As schools face more changes, with increasing pressures and demands and tighter budgets, it’s extremely important for school leaders to engage effectively with parents and other stakeholders to build a cohesive network of support.
For all schools, the primary concern is meeting the educational needs of the community it serves, so with competition currently fiercer than ever, more emphasis should be placed on appealing to parents and pupils by maintaining a positive profile and reputation.
In its summer 2015 Parent Insights Survey, PTA UK, the leading membership organisation for parent bodies, found that 85 per cent of parents surveyed stated that they want a say in their child’s education, with 79 per cent wanting to actively support their child’s school. 96 per cent also said that being consulted makes them feel included in their child’s education.
With this in mind, schools are having to find new ways to engage with parents which allow for open, mutual communication, rather than relying on more traditional methods such as newsletters and messages on the school website. Whether it’s through increasing the use of parental engagement technologies, forming a Parent Teacher Association (PTA), Parent Council or forum, it is vital to establish a solid relationship with parents; one in which schools can engage in open communication. Listening and taking action as a result of feedback from parents will inevitably lead to better solutions and a stronger community.
Parental communication is not always as simple as it seems, particularly where working parents are concerned. A survey by Working Families found that of the 5.9 million two-parent families in the UK, 95 per cent have one or both parents working and 49 per cent have both parents working full-time. This represents a huge majority of parents who may not have the time to engage themselves fully with their child’s school life and although there are many things that they can do to remain invested in their child’s educational journey, some responsibility also falls on the school. That’s why it’s so important for schools to be flexible in the way they communicate with parents, for example, sending messages via SMS and email, as well as uploading alerts to the website, in order to offer a variety of channels for busy parents to access information, dependent on their individual preferences.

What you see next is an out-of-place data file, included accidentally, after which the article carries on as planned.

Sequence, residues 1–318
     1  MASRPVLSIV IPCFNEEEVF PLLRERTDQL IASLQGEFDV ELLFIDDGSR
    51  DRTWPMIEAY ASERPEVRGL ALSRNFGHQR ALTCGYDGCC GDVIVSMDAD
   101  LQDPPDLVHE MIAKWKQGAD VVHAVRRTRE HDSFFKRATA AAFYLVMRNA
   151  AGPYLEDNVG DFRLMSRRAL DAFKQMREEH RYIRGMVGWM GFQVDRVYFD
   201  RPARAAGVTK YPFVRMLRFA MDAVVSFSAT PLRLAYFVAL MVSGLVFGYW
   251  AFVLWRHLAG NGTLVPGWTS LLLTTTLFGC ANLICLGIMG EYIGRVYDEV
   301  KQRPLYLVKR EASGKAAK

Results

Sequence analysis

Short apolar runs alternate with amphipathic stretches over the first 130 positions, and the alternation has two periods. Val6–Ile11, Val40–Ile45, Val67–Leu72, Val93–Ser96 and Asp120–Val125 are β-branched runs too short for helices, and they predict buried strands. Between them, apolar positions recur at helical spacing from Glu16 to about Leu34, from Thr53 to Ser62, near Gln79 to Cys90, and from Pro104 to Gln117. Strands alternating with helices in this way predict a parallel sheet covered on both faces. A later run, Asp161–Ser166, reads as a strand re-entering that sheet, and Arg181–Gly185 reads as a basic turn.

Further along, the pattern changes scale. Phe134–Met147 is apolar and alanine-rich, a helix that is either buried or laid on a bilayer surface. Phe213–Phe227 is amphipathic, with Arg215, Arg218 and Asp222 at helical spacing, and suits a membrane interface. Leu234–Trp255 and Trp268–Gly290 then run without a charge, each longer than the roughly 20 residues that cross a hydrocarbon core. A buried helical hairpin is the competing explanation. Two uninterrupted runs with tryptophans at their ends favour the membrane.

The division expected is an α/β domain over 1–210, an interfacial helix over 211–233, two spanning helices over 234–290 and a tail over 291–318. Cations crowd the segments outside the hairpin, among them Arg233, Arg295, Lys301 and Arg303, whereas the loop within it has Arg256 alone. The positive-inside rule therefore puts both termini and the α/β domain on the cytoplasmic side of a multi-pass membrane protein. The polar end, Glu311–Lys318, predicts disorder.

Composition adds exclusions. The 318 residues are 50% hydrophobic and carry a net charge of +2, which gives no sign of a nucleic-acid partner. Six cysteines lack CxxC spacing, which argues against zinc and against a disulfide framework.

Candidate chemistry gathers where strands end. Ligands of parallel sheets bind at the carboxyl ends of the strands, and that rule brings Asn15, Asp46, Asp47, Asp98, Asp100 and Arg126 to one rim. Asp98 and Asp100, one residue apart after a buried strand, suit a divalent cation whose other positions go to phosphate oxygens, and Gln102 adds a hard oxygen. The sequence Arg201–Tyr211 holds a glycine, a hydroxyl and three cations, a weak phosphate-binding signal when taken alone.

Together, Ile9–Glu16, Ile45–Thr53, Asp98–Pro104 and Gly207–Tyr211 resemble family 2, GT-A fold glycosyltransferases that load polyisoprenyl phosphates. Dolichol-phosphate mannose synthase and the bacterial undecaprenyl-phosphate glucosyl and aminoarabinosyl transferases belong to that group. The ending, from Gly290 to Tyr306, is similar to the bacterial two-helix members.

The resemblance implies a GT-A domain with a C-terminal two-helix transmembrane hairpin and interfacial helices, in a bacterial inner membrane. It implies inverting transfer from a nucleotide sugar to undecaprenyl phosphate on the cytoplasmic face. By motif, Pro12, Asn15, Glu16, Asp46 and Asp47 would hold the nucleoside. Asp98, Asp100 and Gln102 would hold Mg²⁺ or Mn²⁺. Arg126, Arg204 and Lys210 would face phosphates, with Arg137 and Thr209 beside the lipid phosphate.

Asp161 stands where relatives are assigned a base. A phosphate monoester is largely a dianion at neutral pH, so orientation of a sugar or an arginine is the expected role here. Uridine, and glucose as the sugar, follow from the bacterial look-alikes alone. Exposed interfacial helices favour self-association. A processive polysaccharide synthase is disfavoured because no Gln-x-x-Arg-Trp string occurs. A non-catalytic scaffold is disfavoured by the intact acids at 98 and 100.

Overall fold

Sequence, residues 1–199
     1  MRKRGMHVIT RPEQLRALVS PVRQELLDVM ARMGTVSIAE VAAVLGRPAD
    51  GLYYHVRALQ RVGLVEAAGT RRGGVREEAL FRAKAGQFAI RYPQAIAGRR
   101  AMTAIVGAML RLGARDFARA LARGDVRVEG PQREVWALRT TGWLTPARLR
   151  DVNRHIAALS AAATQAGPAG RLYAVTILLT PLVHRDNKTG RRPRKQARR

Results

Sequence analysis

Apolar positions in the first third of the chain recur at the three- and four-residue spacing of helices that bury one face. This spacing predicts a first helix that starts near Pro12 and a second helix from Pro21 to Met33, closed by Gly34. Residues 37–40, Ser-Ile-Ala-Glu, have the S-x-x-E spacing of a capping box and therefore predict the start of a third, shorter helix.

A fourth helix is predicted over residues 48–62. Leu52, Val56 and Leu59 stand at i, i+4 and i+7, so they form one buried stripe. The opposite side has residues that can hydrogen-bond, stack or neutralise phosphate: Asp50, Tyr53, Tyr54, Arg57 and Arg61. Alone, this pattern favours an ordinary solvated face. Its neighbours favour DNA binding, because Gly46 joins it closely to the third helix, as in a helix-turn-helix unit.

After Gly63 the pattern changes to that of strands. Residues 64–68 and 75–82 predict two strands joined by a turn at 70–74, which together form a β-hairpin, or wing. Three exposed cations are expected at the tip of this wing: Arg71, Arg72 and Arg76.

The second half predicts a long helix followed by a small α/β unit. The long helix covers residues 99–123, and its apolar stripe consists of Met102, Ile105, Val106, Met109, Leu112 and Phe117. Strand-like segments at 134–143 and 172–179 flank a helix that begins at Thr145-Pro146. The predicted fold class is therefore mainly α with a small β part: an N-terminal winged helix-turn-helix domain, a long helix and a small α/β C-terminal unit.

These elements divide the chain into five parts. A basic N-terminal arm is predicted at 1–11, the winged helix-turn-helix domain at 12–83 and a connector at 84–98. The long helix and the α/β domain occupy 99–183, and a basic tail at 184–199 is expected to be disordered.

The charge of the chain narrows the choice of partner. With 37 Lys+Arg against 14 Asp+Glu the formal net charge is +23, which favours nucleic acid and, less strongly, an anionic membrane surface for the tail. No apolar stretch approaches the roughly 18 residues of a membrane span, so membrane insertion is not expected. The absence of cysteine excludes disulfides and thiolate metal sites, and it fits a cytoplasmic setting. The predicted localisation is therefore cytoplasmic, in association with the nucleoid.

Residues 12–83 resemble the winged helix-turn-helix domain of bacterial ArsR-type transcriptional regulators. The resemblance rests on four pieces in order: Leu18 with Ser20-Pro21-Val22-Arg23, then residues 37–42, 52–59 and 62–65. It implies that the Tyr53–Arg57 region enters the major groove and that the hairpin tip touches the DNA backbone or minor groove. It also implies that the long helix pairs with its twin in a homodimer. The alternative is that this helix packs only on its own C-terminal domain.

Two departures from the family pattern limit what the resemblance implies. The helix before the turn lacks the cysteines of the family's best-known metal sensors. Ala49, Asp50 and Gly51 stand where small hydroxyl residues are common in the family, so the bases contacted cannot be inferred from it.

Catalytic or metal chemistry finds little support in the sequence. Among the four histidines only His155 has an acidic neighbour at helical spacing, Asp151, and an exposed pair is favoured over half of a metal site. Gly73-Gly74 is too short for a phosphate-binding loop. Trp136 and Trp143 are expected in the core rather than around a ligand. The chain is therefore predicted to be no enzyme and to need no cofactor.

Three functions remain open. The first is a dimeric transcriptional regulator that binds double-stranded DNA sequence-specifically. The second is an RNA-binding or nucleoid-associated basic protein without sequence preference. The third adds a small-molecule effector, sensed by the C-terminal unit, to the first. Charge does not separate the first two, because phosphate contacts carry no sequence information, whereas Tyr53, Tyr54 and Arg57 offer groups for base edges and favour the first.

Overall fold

Not only is engagement with parent groups extremely important to a school itself, but parents’ views are also considered by Ofsted. Giving parents a voice has become an important part of the inspection and regulation of schools, with Ofsted enabling their views to inform its decision on whether or not to inspect a particular establishment.
Parent bodies such as Parent Teacher Associations (PTA) can be a very effective channel for encouraging mass engagement and enabling a school community to be formed. PTAs can also help to reach families who may otherwise be reluctant to get involved in school life, due to their own poor experience of education. A PTA’s sole purpose is to bring everyone together and raise funds for key projects, improving the school environment and generating further opportunities for learning.